Skip to main content
ARS Home » Plains Area » Manhattan, Kansas » Center for Grain and Animal Health Research » Stored Product Insect and Engineering Research » Research » Publications at this Location » Publication #344477

Research Project: Sustainable Management Strategies for Stored-Product Insects

Location: Stored Product Insect and Engineering Research

Title: Evaluation of pheromone-baited traps for the monitoring and management of nuisance problems associated with the invasive brown marmorated stink bug

Author
item Morrison Iii, William - Rob
item BERGH, J - Virginia Tech
item KUHAR, THOMAS - Virginia Tech
item WALGENBACK, JIM - North Carolina State University
item Leskey, Tracy

Submitted to: International Organization Biological Control/West Palearctic Reg. Section
Publication Type: Proceedings
Publication Acceptance Date: 8/17/2017
Publication Date: 2/19/2018
Citation: Morrison III, W.R., Bergh, J.C., Kuhar, T.P., Walgenback, J., Leskey, T.C. 2018. Evaluation of pheromone-baited traps for the monitoring and management of nuisance problems associated with the invasive brown marmorated stink bug. In: Trematerra, P., Trdan, S., editors. Proceedings of International Organization for Biological Control of Noxious Animals and Plants (IOBC)/West Palaeartic Regional Section (WPRS) Bulletin, July 2-5, 2017, Ljubljana, Slovenia. 130:116-122.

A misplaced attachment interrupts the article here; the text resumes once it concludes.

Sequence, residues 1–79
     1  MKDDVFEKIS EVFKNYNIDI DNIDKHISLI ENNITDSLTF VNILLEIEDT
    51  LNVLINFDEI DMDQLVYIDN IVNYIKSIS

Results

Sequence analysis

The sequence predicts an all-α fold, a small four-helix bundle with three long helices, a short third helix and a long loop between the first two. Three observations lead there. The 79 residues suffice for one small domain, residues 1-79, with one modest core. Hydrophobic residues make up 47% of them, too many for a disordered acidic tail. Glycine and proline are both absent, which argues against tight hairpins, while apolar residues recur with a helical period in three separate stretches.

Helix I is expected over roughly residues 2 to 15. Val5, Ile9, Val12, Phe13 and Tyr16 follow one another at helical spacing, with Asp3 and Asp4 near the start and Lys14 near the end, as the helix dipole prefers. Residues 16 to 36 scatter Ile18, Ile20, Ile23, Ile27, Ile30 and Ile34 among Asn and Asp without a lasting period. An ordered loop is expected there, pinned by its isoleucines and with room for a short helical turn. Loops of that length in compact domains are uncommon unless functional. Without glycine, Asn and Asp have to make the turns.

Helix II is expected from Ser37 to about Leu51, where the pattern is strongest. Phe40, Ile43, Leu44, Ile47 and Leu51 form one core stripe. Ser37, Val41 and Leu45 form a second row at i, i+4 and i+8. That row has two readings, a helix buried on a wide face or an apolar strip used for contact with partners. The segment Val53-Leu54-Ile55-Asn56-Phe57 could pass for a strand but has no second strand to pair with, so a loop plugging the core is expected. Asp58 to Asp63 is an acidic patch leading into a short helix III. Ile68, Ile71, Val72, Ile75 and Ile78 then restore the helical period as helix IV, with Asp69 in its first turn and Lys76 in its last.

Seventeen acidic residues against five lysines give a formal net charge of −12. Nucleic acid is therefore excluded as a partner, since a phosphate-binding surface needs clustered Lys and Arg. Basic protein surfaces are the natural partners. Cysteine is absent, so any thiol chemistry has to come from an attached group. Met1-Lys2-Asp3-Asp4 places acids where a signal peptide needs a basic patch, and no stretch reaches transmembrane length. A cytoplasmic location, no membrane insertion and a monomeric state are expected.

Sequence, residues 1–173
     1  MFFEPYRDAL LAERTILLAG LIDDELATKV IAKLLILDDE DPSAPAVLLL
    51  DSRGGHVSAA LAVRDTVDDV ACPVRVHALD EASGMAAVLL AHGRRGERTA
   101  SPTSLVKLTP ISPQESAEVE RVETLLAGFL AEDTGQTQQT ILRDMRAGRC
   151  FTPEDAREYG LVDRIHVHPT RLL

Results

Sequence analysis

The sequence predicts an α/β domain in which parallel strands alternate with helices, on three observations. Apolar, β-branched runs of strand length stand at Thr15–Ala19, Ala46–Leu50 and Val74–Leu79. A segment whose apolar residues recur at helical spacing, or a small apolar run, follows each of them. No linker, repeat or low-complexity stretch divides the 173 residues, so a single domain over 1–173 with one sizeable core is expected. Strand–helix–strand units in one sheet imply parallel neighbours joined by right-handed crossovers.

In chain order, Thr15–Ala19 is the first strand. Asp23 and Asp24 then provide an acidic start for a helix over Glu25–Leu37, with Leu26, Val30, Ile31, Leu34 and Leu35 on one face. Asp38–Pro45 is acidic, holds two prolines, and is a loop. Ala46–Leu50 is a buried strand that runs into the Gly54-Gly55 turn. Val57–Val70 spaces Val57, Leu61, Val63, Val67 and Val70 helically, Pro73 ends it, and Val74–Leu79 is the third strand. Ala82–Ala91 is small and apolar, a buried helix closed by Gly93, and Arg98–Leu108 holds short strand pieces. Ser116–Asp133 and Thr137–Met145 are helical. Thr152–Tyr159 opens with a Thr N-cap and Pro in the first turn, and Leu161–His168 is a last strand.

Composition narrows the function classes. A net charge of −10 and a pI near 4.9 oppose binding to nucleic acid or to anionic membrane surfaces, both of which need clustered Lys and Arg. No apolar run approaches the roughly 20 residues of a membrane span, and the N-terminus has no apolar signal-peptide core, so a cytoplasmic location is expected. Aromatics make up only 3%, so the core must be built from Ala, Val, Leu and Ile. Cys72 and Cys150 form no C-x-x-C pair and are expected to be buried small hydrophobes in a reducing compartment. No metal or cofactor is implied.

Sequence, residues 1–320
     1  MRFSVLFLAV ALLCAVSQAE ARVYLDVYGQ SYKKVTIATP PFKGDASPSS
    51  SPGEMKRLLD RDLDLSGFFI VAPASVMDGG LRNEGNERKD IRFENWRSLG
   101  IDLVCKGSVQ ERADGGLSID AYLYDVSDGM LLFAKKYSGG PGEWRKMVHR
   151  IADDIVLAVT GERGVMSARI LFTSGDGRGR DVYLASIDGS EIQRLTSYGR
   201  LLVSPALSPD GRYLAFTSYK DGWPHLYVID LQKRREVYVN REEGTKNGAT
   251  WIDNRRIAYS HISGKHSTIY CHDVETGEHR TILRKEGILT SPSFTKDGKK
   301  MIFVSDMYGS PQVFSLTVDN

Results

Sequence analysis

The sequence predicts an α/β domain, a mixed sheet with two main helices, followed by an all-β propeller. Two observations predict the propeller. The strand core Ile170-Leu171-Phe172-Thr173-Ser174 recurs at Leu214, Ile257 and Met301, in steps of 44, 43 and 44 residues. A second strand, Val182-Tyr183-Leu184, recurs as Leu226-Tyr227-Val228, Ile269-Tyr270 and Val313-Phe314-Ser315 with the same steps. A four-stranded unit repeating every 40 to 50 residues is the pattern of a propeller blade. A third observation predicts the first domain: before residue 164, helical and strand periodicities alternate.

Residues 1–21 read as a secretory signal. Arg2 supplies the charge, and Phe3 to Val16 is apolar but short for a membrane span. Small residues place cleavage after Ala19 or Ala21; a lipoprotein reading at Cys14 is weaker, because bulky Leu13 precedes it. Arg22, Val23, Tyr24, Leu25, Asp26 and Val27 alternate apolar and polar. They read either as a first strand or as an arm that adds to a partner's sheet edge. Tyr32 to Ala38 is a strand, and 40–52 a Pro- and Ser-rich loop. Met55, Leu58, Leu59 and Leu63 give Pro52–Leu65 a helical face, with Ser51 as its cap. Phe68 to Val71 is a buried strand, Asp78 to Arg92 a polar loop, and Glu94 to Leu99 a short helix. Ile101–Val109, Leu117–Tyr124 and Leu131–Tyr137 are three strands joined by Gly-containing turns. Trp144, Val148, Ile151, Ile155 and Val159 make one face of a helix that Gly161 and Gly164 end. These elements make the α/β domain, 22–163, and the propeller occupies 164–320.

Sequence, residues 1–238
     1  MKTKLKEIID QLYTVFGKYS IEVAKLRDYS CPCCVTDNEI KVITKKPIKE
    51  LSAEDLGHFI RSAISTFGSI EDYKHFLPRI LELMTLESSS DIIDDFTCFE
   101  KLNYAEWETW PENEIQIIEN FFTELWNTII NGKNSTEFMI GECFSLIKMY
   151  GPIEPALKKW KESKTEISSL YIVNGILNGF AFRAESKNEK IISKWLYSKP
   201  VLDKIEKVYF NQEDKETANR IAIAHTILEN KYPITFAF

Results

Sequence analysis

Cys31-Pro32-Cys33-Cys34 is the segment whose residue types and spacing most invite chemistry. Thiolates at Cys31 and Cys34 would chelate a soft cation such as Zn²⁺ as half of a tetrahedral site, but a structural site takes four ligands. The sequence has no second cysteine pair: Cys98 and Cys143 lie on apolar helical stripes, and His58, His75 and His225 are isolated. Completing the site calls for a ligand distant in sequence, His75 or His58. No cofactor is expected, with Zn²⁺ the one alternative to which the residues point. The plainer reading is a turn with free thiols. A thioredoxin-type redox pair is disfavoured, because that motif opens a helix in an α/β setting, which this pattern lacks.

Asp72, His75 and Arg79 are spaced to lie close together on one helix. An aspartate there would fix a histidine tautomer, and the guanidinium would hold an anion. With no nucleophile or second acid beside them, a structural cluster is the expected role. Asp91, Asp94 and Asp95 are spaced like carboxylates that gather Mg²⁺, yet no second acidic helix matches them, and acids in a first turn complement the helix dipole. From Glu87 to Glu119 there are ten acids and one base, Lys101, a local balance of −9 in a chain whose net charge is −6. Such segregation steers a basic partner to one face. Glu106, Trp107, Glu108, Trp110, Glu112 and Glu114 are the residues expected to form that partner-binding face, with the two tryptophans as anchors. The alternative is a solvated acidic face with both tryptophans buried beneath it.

Interpretive Summary:

Technical Abstract: The brown marmorated stink bug, or Halyomorpha halys, is an invasive species from southeast Asia, and has caused extensive agricultural damage in North America and Europe. Pheromone-based technology has been developed over the past 10 years, and when combined with appropriate traps, is highly effective at monitoring the species from April to October. This species also causes enormous nuisance issues for homeowners, ports, and the shipping industry when adults overwinter in anthropogenic structures in the fall, and then emerge in the spring. It was unknown whether this same pheromone technology in similar but smaller traps was effective at monitoring and/or managing H. halys in the winter (diapause) and early spring (post-diapause) periods of the year (roughly January to June) inside anthropogenic structures. This report summarizes two years of research examining the ability of pheromone-baited small pyramid traps to monitor and manage H. halys nuisance issues in buildings in the mid-Atlantic US.